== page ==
The oldest living things in Dorset are reportedly found in Duncliffe Wood. They are small- leaved lime coppice stools, created when young tree stems have been continually cut down over decades, to near ground level.
January’s Shaftesbury and District Historical Society lecture offers an insight into the life of one of Dorset’s most influential and controversial residents, Dr Marie Stopes.
A former curator of the Abbey Museum will return to Shaftesbury next week to share some of her discoveries following an archaeological dig at a major Roman Villa. Read More
At the end of the First World War, most of Shaftesbury was sold – three times! And next year, Gold Hill Museum and the Shaftesbury Chamber of Commerce will mark the centenary of this major event in our town’s history with a special exhibition.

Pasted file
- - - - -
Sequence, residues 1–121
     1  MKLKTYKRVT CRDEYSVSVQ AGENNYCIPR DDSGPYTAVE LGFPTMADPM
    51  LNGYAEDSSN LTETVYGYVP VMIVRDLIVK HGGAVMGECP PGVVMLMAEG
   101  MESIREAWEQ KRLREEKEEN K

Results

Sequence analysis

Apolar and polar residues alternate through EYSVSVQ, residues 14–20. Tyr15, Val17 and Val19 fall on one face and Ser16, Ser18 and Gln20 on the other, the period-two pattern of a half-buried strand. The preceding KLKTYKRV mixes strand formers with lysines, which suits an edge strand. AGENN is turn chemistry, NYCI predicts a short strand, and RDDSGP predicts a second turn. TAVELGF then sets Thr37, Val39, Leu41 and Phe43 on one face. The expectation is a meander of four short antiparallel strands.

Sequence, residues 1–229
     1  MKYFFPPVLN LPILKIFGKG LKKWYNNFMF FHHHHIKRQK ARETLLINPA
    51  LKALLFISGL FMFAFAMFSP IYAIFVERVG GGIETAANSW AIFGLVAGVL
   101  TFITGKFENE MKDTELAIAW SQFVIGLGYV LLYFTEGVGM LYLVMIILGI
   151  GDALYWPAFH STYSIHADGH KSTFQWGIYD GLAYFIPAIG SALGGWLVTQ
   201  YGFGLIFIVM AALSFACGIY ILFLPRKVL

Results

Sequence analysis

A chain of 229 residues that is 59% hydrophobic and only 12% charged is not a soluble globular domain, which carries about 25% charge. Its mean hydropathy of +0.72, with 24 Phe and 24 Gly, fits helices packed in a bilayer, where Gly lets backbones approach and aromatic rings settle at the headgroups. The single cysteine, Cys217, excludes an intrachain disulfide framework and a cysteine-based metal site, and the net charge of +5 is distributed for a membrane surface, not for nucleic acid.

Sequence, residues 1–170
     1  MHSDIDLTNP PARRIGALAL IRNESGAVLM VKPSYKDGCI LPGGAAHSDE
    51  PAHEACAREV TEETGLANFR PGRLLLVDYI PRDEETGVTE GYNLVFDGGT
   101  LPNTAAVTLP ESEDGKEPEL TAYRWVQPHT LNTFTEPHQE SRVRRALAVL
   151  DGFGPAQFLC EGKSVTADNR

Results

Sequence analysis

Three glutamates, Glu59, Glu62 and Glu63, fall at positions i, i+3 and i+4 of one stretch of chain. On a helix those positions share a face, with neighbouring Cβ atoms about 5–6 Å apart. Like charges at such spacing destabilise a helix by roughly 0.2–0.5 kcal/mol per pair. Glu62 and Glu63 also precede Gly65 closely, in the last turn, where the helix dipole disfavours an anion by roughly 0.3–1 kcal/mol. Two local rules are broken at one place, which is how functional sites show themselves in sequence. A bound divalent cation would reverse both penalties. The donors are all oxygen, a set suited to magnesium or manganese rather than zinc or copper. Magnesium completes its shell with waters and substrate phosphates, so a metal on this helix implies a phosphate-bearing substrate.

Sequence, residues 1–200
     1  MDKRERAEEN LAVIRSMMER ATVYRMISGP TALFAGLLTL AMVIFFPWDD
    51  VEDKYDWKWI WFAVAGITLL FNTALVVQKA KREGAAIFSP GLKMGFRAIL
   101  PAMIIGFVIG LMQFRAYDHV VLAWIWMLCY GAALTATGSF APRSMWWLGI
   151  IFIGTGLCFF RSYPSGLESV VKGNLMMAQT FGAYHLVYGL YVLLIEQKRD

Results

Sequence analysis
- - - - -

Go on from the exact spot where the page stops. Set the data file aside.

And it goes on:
Do you have a well within your home or a spring on your land? If you’re prepared to share pictures of your water feature or stories connected to it, you could help Gold Hill Museum prepare their 2019 special exhibition.
Shepherd huts are currently all over the home and lifestyle magazines. Celebrities are snapping them up and fitting them out with today’s high-end luxuries. But originally, these shelters would have provided the most basic living conditions for agricultural workers. And the Shaftesbury area was full of them.
There are many loose stones and tiles around Shaftesbury’s Abbey Gardens. On14th September, architectural historian and broadcaster, Dr Jonathan Foyle, will explain how these remains could reveal a great deal of information about the history of a once significant religious building.
You can eat like a Viking at Shaftesbury Abbey this Sunday (2nd September). ThisIsAlfred.com spoke with the Abbey’s Claire Ryley to learn more about the free fun day being held in honour of a Viking king who loved our town.